A Closer Look at a Career as a Proofreader
If you know of anyone who likes to read, they are probably one of those who are hyperaware of grammar and spelling. Some people automatically refer to them as grammar sticklers. However, anyone should know that one small mistake in spelling or punctuation can change the whole meaning of the sentence. In some cases, it not only results to outright embarrassment, but also loss of costs or profit.
Take for example in 2007 where a car dealership in order to drum up their sales came up with a plan to mail out 50,000 scratch tickets of which one will reveal a $1,000 cash prize. However, the marketing company instead printed all 50,000 scratch tickets revealing a $1,000 cash prize, leaving the dealership with egg on its face. They could only offer the “winners” a $5 Walmart gift card (which lead to $250,000 in loss).
Proofreaders – What You Need to Know
Writers and editors are usually the people who gain accolades for their output, but their work would not be successful without proofreaders checking every letter, every sentence, every paragraph, and every page, ensuring the overall work has its quality and consistency.
Proofreaders can work with a variety of materials depending on the nature of business they are employed with. These materials can range from manuscripts, news articles, magazine articles, transcripts, advertising or marketing materials like brochures and pamphlets, and even legal or medical documents. There are also proofreaders who mainly work independently and they work with types of materials, including academic documents like dissertations and term papers. Their primary goal is to ensure that these documents are 100 per cent error-free and according to the organization’s guidelines and standards. In cases where documents have visual accompaniments, proofreaders are also required to ensure these come with the accurate captions or descriptions.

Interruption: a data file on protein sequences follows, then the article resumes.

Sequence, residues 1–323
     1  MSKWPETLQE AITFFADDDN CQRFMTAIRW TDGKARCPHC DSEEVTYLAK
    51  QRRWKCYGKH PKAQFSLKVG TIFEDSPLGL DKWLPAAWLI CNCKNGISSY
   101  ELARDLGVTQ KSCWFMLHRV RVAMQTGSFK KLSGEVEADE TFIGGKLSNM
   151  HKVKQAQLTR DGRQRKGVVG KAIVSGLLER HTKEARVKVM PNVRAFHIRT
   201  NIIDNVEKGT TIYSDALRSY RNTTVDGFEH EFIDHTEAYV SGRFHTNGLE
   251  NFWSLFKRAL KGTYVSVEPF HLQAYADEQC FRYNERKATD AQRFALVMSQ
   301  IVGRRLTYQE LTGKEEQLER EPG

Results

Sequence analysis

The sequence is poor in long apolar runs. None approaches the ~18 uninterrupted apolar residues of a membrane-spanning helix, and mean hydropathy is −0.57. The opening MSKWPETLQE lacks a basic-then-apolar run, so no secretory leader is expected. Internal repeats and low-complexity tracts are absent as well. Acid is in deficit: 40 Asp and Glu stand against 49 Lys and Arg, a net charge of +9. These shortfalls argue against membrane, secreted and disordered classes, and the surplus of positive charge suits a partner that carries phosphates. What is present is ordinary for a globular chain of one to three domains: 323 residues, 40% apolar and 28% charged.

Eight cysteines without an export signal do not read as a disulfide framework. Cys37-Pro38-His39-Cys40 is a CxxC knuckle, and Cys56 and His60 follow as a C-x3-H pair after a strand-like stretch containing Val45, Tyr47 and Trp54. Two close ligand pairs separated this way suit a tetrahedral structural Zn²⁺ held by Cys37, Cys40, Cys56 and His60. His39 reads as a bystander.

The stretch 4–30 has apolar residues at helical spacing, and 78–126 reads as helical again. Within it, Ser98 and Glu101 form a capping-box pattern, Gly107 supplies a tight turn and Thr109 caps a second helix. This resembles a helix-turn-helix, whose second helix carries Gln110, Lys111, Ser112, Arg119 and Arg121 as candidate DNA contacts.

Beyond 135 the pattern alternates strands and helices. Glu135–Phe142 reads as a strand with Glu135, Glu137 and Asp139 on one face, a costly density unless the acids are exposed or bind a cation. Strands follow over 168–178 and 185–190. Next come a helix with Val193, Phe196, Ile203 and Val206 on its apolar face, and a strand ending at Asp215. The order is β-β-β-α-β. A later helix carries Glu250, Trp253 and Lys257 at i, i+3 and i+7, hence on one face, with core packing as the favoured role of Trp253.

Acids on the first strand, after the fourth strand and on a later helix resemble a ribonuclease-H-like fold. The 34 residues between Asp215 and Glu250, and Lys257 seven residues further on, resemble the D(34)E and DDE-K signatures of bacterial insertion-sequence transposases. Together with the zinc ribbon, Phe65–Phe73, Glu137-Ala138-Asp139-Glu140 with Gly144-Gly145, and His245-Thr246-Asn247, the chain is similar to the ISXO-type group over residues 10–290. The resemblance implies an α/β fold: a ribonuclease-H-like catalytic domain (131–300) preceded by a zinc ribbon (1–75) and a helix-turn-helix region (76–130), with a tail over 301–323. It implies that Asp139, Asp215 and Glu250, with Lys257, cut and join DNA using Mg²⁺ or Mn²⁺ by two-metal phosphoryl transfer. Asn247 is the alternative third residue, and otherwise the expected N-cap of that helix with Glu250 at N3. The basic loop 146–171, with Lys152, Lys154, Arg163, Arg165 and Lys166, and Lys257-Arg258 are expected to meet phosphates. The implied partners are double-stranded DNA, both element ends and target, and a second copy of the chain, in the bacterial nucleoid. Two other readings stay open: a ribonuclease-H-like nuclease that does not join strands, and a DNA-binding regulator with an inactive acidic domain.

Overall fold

According to PayScale.com, a proofreader can earn as much as $26,488 – $68,148 a year.
If you are thinking of joining the workforce as a proofreader, completing a degree in English or any related field will get your foot in the door. Acquiring certificates in editing in universities that offer continuing studies education can also be a huge help.
To be a successful proofreader, you need to have an acute sense of grammar and spelling, as well as attention to detail and dedication to accuracy. You also need the skills and knowledge to retain information as every organization has their own specific guidelines with regards with how to proofread a copy or text. In other companies, proofreaders do more than verify grammar and spelling, they are also responsible for checking if language is consistent and the ideas are presented in a cohesive manner. Thus, it’s often the case that proofreaders are voracious readers themselves.
To enhance your proofreading skills, you can get in touch with associations like Editors.ca which constantly offers seminars in proofreading.
Pros and Cons
A great benefit of being a proofreader is you get easy access to written work that are not yet released in public. Although you are bound to confidentiality agreements, of course, you get to enjoy news articles or magazine articles before the world lays eyes on them and so there is a feeling of prestige.
A disadvantage of the job is that you often have to meet tight deadlines. Publications, whether print or digital, all have their timelines and so you have to get the work done efficiently and as timely as possible.
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